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#WeStayLearning Issue #015: Four things I learned from Sean Ellis.

#WeStayLearning Issue #015: Four things I learned from Sean Ellis.
Sean Ellis is one of my growth mentors (from a distance, of course), and as you know, a few weeks back, I had a conversation with him on driving growth for early-stage startups. I thought this was important because I’ve worked (and still work) with several early-stage startups, and Sean has a lot of experience building from the ground up, having been on the early team for Dropbox and Eventbrite. The conversation was loaded, but till today four lessons stand out for me:
Idea Generation is the most Important Skillset for Growth Marketers. 
When I asked that question, I thought Sean would say analytics, experimentation, or Something technical, but no. Instead, he said ideas are a growth marketer’s most important skill.
Being able to spot opportunities and come up with good ideas against those opportunities is an essential skill. And you know what, I agree, even though I expected a different answer. To succeed in product growth, you need to be able to detect problems and come up with solutions and experiments easily.
A great growth manager should be able to spot growth opportunities – either by observing how a customer interacts with your product or by intuition. For example, you can imagine a new user’s journey and try to figure out the areas where they could get stuck, encounter difficulty or lose interest. Sean added that this is where data is usually helpful because it helps make the spotting of opportunities faster. 
Sean also shared that the best ideas often come from talking with customers. So speak to your users as many times as often as possible.
Still on ideas/coming up with solutions: Sean also mentioned that in his experience, the most challenging part of jumpstarting growth is being good at figuring out what is preventing growth. So to excel, figure out what is preventing growth and come up with ideas to solve that problem; this is where experimentation comes in—experiment on your ideas.

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Identifying Product-Market fit
Product + Market fit (PMF) is the degree to which a product satisfies strong market demand. It shows how people interact with the product and whether it is valuable to the users.
You can identify PMF qualitatively by asking users how they will feel without the product or quantitatively by tracking retention to see how many users still use the product after some time. Ideally, do both.
Sean further shared that the best way to achieve PMF is to:
  • First and foremost, create a product that solves people’s genuine problems.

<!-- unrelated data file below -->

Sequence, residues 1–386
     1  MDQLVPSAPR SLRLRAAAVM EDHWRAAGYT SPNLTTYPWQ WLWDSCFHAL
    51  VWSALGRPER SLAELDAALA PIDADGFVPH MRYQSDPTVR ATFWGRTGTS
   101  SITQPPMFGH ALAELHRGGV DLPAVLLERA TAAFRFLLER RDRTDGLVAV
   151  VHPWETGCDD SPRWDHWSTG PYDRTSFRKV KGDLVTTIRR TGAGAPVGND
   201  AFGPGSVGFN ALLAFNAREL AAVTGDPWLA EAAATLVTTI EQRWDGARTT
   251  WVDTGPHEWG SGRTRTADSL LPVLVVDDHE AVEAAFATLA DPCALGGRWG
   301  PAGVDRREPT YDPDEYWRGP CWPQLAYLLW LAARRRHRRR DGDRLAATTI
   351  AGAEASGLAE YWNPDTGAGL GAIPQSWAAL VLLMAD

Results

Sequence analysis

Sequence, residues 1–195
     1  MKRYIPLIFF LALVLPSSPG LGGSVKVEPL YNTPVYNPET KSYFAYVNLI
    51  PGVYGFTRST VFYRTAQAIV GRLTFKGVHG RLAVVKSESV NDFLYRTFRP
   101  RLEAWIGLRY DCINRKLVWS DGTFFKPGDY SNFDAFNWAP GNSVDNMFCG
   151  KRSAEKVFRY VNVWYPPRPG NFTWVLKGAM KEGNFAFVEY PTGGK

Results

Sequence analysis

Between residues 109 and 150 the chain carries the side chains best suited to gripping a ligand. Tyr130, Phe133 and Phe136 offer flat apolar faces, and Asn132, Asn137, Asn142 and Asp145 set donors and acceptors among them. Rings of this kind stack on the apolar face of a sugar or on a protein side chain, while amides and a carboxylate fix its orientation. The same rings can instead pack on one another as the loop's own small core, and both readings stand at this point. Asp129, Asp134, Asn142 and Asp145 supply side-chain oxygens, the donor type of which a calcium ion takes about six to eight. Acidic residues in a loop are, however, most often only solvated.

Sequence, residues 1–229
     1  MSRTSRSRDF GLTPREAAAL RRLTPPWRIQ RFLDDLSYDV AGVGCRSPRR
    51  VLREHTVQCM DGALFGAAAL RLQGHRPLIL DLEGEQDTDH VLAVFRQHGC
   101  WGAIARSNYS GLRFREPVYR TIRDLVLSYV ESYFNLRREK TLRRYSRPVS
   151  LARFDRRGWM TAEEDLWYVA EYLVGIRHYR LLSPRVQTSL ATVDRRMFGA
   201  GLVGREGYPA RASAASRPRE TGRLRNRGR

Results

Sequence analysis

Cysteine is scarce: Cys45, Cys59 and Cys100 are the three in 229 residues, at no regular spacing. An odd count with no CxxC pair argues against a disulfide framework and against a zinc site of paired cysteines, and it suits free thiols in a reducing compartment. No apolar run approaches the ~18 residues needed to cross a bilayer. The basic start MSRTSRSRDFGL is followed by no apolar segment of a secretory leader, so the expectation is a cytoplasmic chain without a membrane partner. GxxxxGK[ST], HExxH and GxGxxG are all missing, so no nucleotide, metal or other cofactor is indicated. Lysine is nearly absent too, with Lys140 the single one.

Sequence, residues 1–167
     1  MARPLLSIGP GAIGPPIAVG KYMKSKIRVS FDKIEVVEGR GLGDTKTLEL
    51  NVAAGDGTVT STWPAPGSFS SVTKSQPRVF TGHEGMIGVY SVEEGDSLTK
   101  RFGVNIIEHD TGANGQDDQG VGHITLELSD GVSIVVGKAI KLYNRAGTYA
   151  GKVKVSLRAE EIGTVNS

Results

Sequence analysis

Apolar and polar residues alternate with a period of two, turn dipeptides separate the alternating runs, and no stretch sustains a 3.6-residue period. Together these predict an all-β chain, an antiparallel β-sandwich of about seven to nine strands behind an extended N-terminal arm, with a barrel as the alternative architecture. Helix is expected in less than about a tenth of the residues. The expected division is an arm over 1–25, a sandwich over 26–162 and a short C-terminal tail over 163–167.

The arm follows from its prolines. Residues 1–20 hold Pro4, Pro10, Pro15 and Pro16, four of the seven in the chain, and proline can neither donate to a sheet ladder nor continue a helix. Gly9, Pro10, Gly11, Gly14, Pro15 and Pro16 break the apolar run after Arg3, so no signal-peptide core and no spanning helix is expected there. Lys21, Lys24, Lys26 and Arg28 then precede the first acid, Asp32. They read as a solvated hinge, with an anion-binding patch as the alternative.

• Find out who needs it and get them to try it. Ensure that you are solving the right problem for the right audience. In your early days, your focus is to find the audience that is the best fit for your product and get them to use it repeatedly.
Retention is everyone’s problem.
Not too far from PMF is talk about retention. Retention is the ability to hold a user’s attention. Sean believes that during the early days of a startup, retention should be the job of everyone on the team (product, founders, marketing, CS) and that founders need to keep costs low until you hack retention.
As you grow and expand, marketing will focus on how to bring in new (and the right) customers. In contrast, product will focus on getting new customers to experience the product right in the first place (because the first experience with a product is significant), and that’s how you get fo retention will occur.
But ultimately, a great product results in good retention.
Activation
According to Sean, if there is one part of the funnel he’d focus on above all else, especially in the early days, it’d be ACTIVATION. Retention doesn’t happen without effective activation. If your users don’t experience the product, there’d be nothing and no one to retain in the first place. So if you ignore all else, don’t ignore activating the customers that come.
How do you get the right users in and get them to experience the product immediately? How do you ensure their first experience is great enough to bring them back? Hack activation, and you’d have a smoother funnel. The users you activate well become the ones you can easily retain and the ones that will refer others.
Be Wise
hehe! This is a very controversial opinion, but I love it, cause in many ways, I can see the reason (from my own experiences).
Sean says, don’t take a growth role for a product that has not already validated PMF – because the stress mehn!. Keep moving if you take it and the product doesn’t have PMF in six months. Take this advice with a pinch of salt.
But here’s the thing, what are you growing if there is no PMF? A lot of early-stage startups make the mistake of trying to scale from day one instead of focusing on PMF. I have made this mistake a couple of times as well. In the early days, focus on building an engaged audience and activating and retaining the right audience.
If you do take a pre-product market fit role, please ensure to enjoy it. Be sure you have chemistry with the team and that you love the product. It would be best if you also had a few ideas before getting into it.
Having growth ideas before starting a role is a good indicator that you are the right fit and would excel there. If you have no ideas before entering, then something might be wrong.  
Watch the entire conversation with Sean Ellis below.
Peace Itimi x Sean Ellis: Driving growth for early stage startups
Peace Itimi x Sean Ellis: Driving growth for early stage startups
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